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Show that $f(x) = 4x^{1/3}-x^{4/3}$ has an inflection point at $x=1$.

I correctly get $$f'(x) = \frac{4(1-x)}{3x^{2/3}}\implies f''(x)=-\frac{4(x+2)}{9x^{5/3}}$$

It is clear to me that there is an inflection point at $x=-2$ since this value of $x$ makes the second derivative zero. The text shows that there is also an inflection point at $x=1$. I see that this value makes the first derivative $=0$, but I don't understand why this causes an inflection point. Can anyone help clarify this point?

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Because $f''(1)<0$, this point is a local maximum, not an inflection point, and the book is wrong.

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$x=1$ is not an inflection point (as you can see from the graph below).

enter image description here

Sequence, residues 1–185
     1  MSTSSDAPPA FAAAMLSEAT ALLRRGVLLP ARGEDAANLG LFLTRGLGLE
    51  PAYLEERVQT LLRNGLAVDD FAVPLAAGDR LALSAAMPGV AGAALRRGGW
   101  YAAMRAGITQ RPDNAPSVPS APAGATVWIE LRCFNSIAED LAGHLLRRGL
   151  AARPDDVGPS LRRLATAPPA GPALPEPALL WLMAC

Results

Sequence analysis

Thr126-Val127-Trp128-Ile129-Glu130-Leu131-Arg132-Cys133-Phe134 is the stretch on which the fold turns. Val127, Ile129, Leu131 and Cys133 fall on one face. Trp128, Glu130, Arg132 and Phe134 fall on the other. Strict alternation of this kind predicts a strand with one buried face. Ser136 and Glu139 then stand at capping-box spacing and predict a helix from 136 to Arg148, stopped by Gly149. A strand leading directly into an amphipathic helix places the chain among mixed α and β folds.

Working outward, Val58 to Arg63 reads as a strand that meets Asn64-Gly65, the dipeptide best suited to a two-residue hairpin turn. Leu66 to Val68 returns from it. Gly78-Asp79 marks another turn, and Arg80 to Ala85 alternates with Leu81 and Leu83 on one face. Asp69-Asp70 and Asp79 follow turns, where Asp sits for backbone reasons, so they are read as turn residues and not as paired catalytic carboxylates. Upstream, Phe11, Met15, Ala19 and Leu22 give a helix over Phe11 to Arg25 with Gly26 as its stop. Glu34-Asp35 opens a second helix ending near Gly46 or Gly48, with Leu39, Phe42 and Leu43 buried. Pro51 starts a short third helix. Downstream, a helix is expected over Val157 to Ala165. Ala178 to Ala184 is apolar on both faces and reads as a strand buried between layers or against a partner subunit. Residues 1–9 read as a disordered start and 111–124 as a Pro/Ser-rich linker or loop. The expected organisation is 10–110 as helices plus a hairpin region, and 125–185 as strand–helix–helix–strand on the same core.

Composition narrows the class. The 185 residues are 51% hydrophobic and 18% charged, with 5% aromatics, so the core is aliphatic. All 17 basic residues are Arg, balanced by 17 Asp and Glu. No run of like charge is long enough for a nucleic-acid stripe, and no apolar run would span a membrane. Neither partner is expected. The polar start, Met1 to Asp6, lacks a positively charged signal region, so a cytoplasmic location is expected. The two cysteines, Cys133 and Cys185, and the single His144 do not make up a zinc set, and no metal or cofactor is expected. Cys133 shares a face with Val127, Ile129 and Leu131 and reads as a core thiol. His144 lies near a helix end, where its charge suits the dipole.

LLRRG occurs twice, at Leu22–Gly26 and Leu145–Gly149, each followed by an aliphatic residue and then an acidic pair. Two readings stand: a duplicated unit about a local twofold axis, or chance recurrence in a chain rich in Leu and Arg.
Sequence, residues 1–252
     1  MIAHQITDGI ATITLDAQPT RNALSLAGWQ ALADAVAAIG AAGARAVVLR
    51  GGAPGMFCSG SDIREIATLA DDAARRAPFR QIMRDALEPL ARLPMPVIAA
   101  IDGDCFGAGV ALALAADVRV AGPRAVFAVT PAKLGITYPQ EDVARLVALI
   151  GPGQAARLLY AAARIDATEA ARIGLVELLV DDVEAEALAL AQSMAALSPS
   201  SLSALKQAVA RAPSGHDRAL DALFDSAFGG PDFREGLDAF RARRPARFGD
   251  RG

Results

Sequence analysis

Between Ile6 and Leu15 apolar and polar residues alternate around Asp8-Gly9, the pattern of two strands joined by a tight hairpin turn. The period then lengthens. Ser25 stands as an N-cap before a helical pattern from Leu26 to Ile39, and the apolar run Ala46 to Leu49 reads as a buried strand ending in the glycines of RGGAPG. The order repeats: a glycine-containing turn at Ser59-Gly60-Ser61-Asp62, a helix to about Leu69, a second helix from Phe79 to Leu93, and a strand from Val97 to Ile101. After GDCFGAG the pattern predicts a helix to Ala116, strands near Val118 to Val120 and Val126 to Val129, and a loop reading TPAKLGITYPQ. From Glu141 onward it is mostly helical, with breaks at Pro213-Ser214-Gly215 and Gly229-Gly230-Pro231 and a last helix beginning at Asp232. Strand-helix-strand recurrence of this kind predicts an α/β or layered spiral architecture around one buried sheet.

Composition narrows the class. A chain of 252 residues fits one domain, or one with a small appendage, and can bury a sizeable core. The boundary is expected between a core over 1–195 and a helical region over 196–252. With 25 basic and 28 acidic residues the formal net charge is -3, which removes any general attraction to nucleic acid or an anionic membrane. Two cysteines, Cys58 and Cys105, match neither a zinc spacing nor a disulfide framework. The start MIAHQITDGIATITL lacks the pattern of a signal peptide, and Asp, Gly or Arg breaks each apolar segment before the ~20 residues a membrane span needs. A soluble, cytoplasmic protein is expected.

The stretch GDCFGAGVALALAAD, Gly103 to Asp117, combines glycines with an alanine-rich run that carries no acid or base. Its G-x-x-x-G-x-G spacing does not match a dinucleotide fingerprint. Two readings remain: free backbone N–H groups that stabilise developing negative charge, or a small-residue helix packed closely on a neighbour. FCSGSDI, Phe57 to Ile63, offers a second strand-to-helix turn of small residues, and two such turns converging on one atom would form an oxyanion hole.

On the other hand you missed another inflection point $x=0$! Perhaps your book mistakenly wrote $x=1$ instead of $x=0$. The reason you missed $0$ is because the function is not differentiable at $0$ (and for such points, the condition of $f''(x)=0$ for inflection points obviously fails).

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There is only one stationary point. Since $f(0)=0,f(1)=3,f(4)=0$, $x=1$ cannot be an inflection point as $f$ increases then decreases.

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